• Know the cave. Bring someone who has been to the cave before and understands the route, hazards, and demands. If nobody in the group has been to the cave before then research it, bring a map, and use caution to ensure you can find your way back out and that hazards are avoided.

tread lightly

Caves are especially delicate environments. They aren’t exposed to the elements of wind, rain, sun and snow. They also don’t have the same type and quantity of animal and plant life that exists most places on the surface of the Earth, which can provide some level of natural restoration. The cave mineral formations in most caves take many thousands of years to form. As a result, any broken formation, any poorly placed footprint, or any discarded bit of trash will be evident to other cave visitors for many generations. It is for these reasons that many cavers are reticent to share cave locations in the way they would the location of their favorite trail or river. It is nearly impossible to leave no trace when visiting a cave, but every effort should be made to minimize impacts. It is for these reasons that the caver’s motto is:

Take Nothing but Pictures

Leave Nothing but Carefully Placed Footprints

Kill Nothing but Time

Caver Culture

Many novices have had the experience of meeting an experienced caver, or attending a grotto meeting, and not feeling encouraged or welcome. The secrecy and caution used with potential new cavers may come across as arrogance or elitism. In most situations these cavers or caving organizations are simply trying to protect caves for future generations to enjoy, and trying to ensure everyone’s safety. Patience, persistence, a willingness to listen and learn, and a little humility will go a long way towards being included on cave trips or being invited to contribute to projects.


In some areas there are grottos or caving clubs that offer formal training classes on general caving techniques, cave survey, and vertical caving. Unfortunately this is not standardized and access to this type of training can vary significantly by region. There are also annual regional and national caving events such as Cave Camp (Montana) and the NSS Convention that offer numerous training sessions in a wide variety of techniques including such things as beginner and advanced single rope technique (SRT), cave cartography, conservation and restoration techniques, and cave photography.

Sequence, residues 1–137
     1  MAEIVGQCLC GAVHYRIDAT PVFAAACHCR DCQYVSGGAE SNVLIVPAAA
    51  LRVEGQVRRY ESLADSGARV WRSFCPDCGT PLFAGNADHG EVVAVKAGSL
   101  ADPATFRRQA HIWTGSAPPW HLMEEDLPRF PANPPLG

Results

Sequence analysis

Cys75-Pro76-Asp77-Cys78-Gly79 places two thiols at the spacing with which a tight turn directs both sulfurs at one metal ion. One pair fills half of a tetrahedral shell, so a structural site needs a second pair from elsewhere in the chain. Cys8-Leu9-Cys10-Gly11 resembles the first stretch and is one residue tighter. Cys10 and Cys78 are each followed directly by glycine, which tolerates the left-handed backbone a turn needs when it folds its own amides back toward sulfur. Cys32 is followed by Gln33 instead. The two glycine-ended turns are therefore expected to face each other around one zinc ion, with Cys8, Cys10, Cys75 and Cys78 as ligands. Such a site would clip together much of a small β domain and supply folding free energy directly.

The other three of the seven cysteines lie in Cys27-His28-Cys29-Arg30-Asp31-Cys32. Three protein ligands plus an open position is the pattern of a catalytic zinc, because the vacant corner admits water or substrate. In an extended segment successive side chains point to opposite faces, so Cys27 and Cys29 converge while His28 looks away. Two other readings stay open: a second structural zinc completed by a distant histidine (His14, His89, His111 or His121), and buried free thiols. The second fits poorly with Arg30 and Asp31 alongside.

General caving skills can often be learned on beginner caving trips with a little guidance and mentoring from more experienced cavers. These skills would include the choice and use of clothing, knee and elbow pads, cave packs, helmets and headlamps, and the additional gear carried in a cave pack. Other skills that can be acquired through experience may include map reading and navigation, crawling techniques, chimneying and free-climbing techniques, strategies for minimizing impact, and dealing with water in caves.

Vertical caving skills require more advanced training and is something that is usually available through most grottos on a regular basis. It is wise to learn vertical caving skills in a controlled environment such as from an anchor in a tree in someone’s backyard where you can be observed and lowered to the ground if a problem is encountered. It is a good idea to practice rappelling, ascending, and become proficient at changeovers (changing from rappel to ascent, or ascent to rappel) and crossing knots before heading underground. Depending on the type of rigging it may also be a good idea to learn the techniques for crossing rebelays and dealing with deviations. Let more experienced cavers handle rigging and rope protection and learn these skills over time with one-on-one mentoring.

Cave rescue training is a good idea for anyone who caves on a regular basis. The National Cave Rescue Commission (NCRC) provides excellent regular training events around the US. This type of training will be more useful once you’ve gained a little experience in general horizontal and vertical caving, and even if you never need to assist in a cave rescue, at a minimum you will learn the importance of never becoming a patient yourself.

Other Resources

  • Check out the book Cave Exploring by Paul Burger for a good introduction to caving.

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  • The “New Testament” of vertical caving skills is Alpine Caving Techniques.

  • The “Old Testament” of vertical caving technique is On Rope.

  • For inspirational trips, expeditions, gear reviews and tutorials, check out the many videos on my YouTube channel: Derek Bristol